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getcwd(3f) [bsd man page]

GETCWD(3F)																GETCWD(3F)

getcwd - get pathname of current working directory SYNOPSIS
integer function getcwd (dirname) character*(*) dirname DESCRIPTION
The pathname of the default directory for creating and locating files will be returned in dirname. The value of the function will be zero if successful; an error code otherwise. FILES
/usr/lib/libU77.a SEE ALSO
chdir(3F), perror(3F) BUGS
Pathnames can be no longer than MAXPATHLEN as defined in <sys/param.h>. 4.2 Berkeley Distribution May 15, 1985 GETCWD(3F)

Check Out this Related Man Page

GETCWD(3)						   BSD Library Functions Manual 						 GETCWD(3)

getcwd, getwd -- get working directory pathname LIBRARY
Standard C Library (libc, -lc) SYNOPSIS
#include <unistd.h> char * getcwd(char *buf, size_t size); char * getwd(char *buf); DESCRIPTION
The getcwd() function copies the absolute pathname of the current working directory into the memory referenced by buf and returns a pointer to buf. The size argument is the size, in bytes, of the array referenced by buf. If buf is NULL, space is allocated as necessary to store the pathname and size is ignored. This space may later be free(3)'d. The function getwd() is a compatibility routine which calls getcwd() with its buf argument and a size of MAXPATHLEN (as defined in the include file <sys/param.h>). Obviously, buf should be at least MAXPATHLEN bytes in length. These routines have traditionally been used by programs to save the name of a working directory for the purpose of returning to it. A much faster and less error-prone method of accomplishing this is to open the current directory ('.') and use the fchdir(2) function to return. RETURN VALUES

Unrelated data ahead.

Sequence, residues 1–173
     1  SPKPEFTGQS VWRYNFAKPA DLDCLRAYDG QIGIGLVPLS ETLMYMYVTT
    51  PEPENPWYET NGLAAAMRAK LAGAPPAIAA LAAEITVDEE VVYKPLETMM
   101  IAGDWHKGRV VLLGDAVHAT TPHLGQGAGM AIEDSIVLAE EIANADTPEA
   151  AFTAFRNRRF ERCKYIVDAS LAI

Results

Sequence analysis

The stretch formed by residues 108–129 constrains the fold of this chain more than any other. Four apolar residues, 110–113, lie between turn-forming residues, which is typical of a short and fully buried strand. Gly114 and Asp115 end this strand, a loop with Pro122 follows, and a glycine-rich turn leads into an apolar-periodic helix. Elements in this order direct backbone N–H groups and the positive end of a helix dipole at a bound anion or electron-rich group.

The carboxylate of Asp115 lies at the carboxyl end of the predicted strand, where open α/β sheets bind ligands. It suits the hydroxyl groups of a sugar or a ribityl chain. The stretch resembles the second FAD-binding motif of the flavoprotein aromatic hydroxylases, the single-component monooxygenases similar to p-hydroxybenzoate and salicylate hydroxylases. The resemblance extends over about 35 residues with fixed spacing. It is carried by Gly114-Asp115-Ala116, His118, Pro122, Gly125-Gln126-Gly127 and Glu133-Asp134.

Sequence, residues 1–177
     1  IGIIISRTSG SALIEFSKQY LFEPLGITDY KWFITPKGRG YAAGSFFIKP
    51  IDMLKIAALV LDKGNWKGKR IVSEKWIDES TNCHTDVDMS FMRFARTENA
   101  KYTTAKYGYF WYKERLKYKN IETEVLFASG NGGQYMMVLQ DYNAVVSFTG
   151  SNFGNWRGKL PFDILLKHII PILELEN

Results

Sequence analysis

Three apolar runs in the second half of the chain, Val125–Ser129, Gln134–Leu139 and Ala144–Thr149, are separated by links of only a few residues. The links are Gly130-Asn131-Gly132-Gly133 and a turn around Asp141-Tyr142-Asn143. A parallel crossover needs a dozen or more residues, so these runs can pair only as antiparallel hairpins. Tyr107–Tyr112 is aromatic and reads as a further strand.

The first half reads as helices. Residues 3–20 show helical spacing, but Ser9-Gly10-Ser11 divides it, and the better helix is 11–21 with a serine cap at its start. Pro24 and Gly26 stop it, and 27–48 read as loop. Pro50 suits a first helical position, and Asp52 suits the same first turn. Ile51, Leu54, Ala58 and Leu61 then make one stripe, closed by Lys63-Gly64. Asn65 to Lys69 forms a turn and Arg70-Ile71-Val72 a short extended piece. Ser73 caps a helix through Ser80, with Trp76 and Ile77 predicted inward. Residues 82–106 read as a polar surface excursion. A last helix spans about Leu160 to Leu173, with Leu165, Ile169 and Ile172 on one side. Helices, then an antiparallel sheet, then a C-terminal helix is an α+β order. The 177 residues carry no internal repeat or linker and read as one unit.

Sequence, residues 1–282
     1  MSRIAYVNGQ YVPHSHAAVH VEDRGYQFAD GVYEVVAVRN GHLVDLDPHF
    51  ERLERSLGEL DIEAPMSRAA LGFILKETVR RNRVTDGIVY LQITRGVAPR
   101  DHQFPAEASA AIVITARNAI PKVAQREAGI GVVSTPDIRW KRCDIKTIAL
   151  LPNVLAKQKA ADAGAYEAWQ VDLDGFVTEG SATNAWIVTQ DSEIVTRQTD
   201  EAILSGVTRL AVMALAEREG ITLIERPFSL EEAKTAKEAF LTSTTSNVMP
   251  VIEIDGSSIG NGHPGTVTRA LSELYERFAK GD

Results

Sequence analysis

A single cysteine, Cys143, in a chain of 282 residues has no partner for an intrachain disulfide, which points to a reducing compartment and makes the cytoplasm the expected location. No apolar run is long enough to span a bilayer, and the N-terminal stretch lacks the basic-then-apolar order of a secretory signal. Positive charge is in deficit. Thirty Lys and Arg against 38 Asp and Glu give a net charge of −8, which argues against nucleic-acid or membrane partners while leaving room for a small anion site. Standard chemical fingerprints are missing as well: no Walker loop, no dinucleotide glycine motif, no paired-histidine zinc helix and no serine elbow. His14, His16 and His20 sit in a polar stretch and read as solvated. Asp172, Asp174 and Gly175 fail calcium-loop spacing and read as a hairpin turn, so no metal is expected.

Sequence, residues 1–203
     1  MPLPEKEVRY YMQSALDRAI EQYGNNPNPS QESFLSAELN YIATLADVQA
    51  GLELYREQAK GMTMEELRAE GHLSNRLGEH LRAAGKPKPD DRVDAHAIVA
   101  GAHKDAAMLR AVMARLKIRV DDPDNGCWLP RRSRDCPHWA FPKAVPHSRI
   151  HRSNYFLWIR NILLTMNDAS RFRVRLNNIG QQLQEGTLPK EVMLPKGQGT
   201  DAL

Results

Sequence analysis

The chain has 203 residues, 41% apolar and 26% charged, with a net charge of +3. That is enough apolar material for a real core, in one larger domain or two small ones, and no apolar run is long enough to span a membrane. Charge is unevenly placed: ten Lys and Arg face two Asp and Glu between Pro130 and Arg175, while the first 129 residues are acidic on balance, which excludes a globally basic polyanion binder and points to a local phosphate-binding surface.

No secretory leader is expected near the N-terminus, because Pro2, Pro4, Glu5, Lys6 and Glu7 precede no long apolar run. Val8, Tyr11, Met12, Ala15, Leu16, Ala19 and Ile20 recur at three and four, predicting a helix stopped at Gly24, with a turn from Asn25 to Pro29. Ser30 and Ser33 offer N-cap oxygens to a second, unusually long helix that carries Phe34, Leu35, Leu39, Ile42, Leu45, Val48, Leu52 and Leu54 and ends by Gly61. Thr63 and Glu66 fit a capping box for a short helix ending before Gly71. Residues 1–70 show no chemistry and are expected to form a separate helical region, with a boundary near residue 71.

Upon successful completion, a pointer to the pathname is returned. Otherwise a NULL pointer is returned and the global variable errno is set to indicate the error. In addition, getwd() copies the error message associated with errno into the memory referenced by buf. ERRORS
The getcwd() function will fail if: [EINVAL] The size argument is zero. [ENOENT] A component of the pathname no longer exists. [ENOMEM] Insufficient memory is available. [ERANGE] The size argument is greater than zero but smaller than the length of the pathname plus 1. The getcwd() function may fail if: [EACCES] Read or search permission was denied for a component of the pathname. This is only checked in limited cases, depending on implementation details. SEE ALSO
chdir(2), fchdir(2), malloc(3), strerror(3) STANDARDS
The getcwd() function conforms to ISO/IEC 9945-1:1990 (``POSIX.1''). The ability to specify a NULL pointer and have getcwd() allocate memory as necessary is an extension. HISTORY
The getwd() function appeared in 4.0BSD. BUGS
The getwd() function does not do sufficient error checking and is not able to return very long, but valid, paths. It is provided for compat- ibility. BSD
April 17, 2010 BSD
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